Star Parker

Despite the careful choreography and showmanship, the Democratic Convention concluded with little in the way of news or surprises.

It's no surprise that we no longer need to refer to Sen. Obama as the "presumptive" nominee. It is no surprise that the Clintons gave rousing speeches in support of his candidacy. It is no surprise that the senator's acceptance speech, drawing on his substantial oratory skills, was socialist in substance and all things to all people in rhetoric.

It's no surprise that the video production introducing Obama made no mention of his Harvard education. And it's no surprise that, despite the intense commentary about the nomination of a black man for president, and the coincidence of this moment with the anniversary of Dr. King's famous speech, Obama barely noted this in his remarks.

Yet, despite the absence of surprises in these details, they nevertheless add up to a big picture that is enormously surprising.

This surprise is how many Americans appear willing at this point to place their bets for the nation's highest office on a candidate whom they still hardly know and who brings a resume to the job he is applying for that shows no experience in anything that he wants to get hired to do.

Moreover, in areas of policy, Sen. Obama's proposals are uniformly big government socialism that, in the past, has never delivered anything but mediocrity or failure.

Yet, despite all this, a Gallup poll of recent days showed registered voters saying they felt, by substantial margins, that Barack Obama would handle every single major domestic issue -- health care, economy, energy, taxes -- better than John McCain. It was only in foreign policy that McCain was favored.

Yes, the Obama candidacy is appealing to a lot of unhappy Americans and giving these folks hope.

Hope is a healthy and critical emotion. Without it, no one can go on.

But hope should be connected to prudence. It should accompany plans and behavior that are responsible and sensible. It should be what kicks in when we know we have done our part and then, with appropriate humility, acknowledge that everything is not up to us.

What is so unsettling about the Obama candidacy is that the hopefulness that it is eliciting does not have these characteristics. It's a kind of hope that is more accurate to call wishful thinking.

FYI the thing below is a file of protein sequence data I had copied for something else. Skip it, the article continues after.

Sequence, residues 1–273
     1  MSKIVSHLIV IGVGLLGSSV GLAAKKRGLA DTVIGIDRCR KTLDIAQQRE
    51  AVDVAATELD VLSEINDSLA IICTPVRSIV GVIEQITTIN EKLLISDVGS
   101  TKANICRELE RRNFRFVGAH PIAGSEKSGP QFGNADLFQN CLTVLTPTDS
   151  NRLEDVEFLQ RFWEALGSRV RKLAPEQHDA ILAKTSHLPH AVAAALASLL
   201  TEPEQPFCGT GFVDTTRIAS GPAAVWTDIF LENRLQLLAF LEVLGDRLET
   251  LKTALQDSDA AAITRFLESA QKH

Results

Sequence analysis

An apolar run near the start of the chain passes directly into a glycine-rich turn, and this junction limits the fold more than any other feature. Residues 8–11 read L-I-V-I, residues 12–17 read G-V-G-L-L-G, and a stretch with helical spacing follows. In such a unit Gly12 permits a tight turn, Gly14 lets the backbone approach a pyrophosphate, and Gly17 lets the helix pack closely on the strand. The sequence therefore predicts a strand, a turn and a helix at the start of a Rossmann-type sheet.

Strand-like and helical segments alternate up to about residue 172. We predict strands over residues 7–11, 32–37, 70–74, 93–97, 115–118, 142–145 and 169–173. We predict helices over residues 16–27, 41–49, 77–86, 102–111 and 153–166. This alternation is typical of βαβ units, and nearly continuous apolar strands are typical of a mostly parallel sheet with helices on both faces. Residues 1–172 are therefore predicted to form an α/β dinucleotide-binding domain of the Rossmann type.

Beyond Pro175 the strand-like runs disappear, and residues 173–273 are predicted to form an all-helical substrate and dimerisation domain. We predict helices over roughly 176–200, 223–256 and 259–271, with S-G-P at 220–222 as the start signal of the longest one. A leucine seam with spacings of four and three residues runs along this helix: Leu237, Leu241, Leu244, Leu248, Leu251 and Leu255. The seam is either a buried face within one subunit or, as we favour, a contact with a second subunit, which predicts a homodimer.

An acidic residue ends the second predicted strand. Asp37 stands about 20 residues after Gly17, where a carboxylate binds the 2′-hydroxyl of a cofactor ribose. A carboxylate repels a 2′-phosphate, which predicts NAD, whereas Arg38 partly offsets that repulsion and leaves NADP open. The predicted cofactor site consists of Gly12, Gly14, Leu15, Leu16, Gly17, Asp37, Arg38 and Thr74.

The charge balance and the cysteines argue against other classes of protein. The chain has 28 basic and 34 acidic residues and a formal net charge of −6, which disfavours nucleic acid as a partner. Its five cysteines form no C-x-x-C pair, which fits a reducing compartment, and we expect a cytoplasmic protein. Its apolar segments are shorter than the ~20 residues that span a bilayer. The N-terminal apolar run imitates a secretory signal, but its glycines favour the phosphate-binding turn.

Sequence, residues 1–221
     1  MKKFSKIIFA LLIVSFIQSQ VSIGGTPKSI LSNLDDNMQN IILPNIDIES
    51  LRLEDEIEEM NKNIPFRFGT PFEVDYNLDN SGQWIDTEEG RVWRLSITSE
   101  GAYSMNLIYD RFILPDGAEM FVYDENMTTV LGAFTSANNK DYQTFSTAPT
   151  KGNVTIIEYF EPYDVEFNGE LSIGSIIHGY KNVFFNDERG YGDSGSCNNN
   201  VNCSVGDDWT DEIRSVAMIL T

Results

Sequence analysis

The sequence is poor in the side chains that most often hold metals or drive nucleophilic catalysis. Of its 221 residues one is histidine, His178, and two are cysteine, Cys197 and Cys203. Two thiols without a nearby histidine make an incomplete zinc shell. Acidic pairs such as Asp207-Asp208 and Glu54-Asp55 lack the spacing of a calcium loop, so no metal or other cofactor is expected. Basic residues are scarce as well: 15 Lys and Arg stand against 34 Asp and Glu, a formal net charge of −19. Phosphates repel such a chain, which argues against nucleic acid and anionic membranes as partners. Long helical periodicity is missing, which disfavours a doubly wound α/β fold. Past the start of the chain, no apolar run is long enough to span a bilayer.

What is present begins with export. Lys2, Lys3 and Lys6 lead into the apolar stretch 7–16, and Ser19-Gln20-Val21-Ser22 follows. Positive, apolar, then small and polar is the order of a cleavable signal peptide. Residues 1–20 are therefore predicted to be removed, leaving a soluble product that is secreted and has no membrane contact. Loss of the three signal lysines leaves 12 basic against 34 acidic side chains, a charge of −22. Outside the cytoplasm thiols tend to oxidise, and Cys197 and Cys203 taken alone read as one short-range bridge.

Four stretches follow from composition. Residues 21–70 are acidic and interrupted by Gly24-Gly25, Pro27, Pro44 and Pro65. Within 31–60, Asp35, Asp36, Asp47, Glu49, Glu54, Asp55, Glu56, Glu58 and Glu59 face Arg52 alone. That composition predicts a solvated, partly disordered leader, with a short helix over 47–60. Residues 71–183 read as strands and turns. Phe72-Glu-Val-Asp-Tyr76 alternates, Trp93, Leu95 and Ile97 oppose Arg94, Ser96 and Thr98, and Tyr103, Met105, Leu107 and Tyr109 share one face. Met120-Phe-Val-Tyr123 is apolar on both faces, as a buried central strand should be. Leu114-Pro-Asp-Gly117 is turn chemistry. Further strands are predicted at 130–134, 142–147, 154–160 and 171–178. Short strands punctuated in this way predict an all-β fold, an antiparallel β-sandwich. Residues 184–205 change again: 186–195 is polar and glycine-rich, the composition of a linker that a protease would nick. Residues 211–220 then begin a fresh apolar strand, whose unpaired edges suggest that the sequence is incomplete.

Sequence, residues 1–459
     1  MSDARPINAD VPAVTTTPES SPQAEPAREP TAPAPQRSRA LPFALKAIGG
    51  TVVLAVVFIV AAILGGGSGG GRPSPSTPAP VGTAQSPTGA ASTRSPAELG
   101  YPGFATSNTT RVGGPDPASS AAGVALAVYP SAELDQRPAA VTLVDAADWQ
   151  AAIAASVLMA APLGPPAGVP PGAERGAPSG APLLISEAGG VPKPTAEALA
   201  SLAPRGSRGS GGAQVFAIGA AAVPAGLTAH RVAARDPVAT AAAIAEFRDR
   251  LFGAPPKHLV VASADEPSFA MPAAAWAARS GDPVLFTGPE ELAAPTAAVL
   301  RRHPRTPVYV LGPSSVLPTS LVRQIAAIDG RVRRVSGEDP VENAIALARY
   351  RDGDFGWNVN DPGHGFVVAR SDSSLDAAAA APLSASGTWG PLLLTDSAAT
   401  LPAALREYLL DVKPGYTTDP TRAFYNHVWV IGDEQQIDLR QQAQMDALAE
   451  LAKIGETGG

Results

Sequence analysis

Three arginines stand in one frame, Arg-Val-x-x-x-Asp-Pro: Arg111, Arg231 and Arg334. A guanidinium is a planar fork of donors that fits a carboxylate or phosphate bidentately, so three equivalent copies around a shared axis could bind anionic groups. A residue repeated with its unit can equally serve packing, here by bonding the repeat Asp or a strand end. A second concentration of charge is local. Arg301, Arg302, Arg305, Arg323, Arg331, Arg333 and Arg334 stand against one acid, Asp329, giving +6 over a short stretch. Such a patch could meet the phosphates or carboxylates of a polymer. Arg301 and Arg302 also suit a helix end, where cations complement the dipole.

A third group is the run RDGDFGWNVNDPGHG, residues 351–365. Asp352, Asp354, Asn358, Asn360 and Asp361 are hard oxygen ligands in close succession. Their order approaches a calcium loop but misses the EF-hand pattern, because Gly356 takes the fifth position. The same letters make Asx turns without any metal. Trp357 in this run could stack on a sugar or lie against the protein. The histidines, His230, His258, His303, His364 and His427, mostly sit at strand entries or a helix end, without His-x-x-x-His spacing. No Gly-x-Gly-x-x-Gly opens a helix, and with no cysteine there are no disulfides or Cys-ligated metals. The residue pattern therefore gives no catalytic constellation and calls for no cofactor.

It's the kind of hope that goes along with behavior in which there is no logical connection between inputs and expected results. You just hope that what you want to happen will.

This is the "hope" that characterized so much of the subprime mortgage market that now sits in foreclosure. Folks getting loans for properties that they weren't asked to show in any meaningful way they could afford. The whole transaction was driven by the "hope" that prices will go up and up to justify the commitment that's been made.

There's a lot of speculation about why the Obama campaign has not soared. Why, when today's voter identification with the Democratic Party is 13 points higher than with the Republican Party, is the presidential race virtually tied?

I think it's because of the sense that the foundation of the whole Obama enterprise stands on emotional quicksand.

There are two ways that the Republicans can handle this.

One is the way Obama himself in his acceptance speech suggested they would: To drive a negative campaign and feed the many doubts that already plague the Democratic candidate.

The other is to reach out to the troubled hearts and minds of Americans today with a vision of substance.

Obama suggested in his speech that his lofty visions would be dismissed as a "Trojan Horse" for the abandonment of traditional values. He said this amounted to making a "big election about small things."

This was the most significant misstatement of his speech. Traditional values are not "small things." They are the biggest things. And the only terra firma that we really have in an uncertain world.

John McCain can hammer Obama into the quicksand on which he stands. Or he can point the way to the firm ground of real values on which this country was built and on which we must continue to stand.

I hope Senator McCain chooses the latter.


Star Parker

Star Parker is founder and president of CURE, the Center for Urban Renewal and Education, a 501c3 think tank which explores and promotes market based public policy to fight poverty, as well as author of the newly revised Uncle Sam's Plantation: How Big Government Enslaves America's Poor and What We Can do About It.